The missed call: a marketing powerhouse

The missed call: a marketing powerhouse

May 30, 2016

A missed call is a popular way of communicating in many emerging markets, because the caller doesn’t have to spend money. Marketing companies, politicians and banks have found a way to use this practice to reach millions who have cell phones but otherwise limited means.

This method of communication has become particularly popular in India. Want to transfer funds from your account? Give your bank a missed call. Want to hear Bollywood music? Dial a number and hang up.

Here are five things you can do in India just by ringing a number and hanging up:

Bank
Some banks let customers check their bank balance or get a mini statement on their cell phones by giving a missed call on the bank’s number. The information comes via a text message.

Recently, south India’s Federal Bank went a step further, and introduced a facility for customers to transfer money to an account-holder in any Indian bank, via a missed call.

The client has to first register the recipient in Federal Bank’s system, by sending an SMS, including the mobile number of the recipient, and the amount to be transferred, said Babu K. Anthony, head of digital banking at the bank.

Connect with the Prime Minister
Prime MinisterNarendra Modi haspopularized the missed call as a way to connect to political leaders and parties.

Give a missed call on +91 8190 881 908, and you’ll get a call back on which you can hear a recording of Mr. Modi’s monthly radio talk with the public named “Mann ki Baat” (Matters of the Heart).

Modi’s political party, Bharatiya Janata Party, has also in the past used the missed call as a way recruit new members. The party launched a number on which individuals could give a missed call and become a member.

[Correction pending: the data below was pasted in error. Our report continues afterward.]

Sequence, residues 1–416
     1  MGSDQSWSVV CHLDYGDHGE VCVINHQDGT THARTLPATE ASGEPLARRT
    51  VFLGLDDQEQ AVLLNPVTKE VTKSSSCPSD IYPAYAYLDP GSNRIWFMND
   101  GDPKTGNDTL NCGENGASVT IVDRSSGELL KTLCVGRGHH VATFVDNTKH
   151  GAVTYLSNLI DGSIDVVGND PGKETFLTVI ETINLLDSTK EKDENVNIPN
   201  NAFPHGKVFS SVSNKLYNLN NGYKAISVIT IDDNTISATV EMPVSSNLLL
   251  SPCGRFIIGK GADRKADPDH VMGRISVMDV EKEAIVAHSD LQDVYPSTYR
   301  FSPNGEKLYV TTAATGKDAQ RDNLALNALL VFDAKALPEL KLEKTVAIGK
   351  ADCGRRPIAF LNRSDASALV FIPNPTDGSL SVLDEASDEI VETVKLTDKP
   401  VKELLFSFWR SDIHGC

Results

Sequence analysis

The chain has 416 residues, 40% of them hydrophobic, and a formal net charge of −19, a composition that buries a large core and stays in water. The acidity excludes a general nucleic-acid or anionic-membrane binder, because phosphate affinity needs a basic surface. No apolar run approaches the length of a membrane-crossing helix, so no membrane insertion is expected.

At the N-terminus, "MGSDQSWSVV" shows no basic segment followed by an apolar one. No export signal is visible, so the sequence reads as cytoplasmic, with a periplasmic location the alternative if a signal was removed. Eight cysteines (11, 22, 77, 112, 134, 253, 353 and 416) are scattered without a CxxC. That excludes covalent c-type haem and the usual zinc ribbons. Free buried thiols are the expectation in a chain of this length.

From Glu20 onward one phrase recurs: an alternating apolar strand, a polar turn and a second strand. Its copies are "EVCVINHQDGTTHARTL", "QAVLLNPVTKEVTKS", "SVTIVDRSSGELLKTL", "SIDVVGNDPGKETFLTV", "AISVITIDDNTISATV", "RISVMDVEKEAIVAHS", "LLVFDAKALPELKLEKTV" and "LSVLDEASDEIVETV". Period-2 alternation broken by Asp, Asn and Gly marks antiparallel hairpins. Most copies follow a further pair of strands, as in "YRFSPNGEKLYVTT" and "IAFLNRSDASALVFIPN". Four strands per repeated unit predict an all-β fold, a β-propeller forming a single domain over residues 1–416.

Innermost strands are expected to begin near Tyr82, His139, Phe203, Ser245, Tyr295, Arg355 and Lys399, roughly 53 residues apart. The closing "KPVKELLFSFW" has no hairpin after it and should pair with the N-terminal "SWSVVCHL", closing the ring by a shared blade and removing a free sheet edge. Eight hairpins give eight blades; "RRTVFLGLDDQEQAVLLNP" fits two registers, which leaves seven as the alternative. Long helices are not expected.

The strategy was so popular that it drew criticism from its rival Congress party, which said that the same people were giving missed calls from different mobile numbers and were being counted as new members. A Congress spokesman termed BJP a “missed call party”.

BJP spokesman Nalin Kohli has said that perhaps the Congress party was irate at the success of the BJP’s membership campaign. “They may feel anguish for having missed the bus,” says Kohli.

Find a job
People who don’t have Internet access can find jobs posted on listings Web site Quikr.com, by giving a missed call.

Individuals can call +91 1800 1033 331, and hang up. An employee of Quikr calls back, and asks for the caller’s personal information, education and experience, to prepare an on-the-spot resume. Within minutes, the caller gets a text message listing a few jobs available, including a number to call to apply for the position.

Enjoy Bollywood hits
A prime example of how companies use missed calls as a marketing tool is an on-demand music channel launched by consumer-goods company Hindustan Unilever.

Callers give a missed call on +91 1800 3000 0123, and they get a call back from the automated system, which plays an entertainment channel. Callers get to hear Bollywood songs and banter between anchors, but also several ads for soap and other products from Hindustan Unilever.

Vote
People can vote for their favorite contestants in Indian reality dance shows by giving a missed call. Shows like Dance India Dance aired on Zee TV, and Nach Baliye on the Star Plus, flash numbers associated with contestants on their shows. Viewers can give a missed call on the number associated with their favorite couple to vote for them.

By Shefali Anand for www.blogs.wsj.com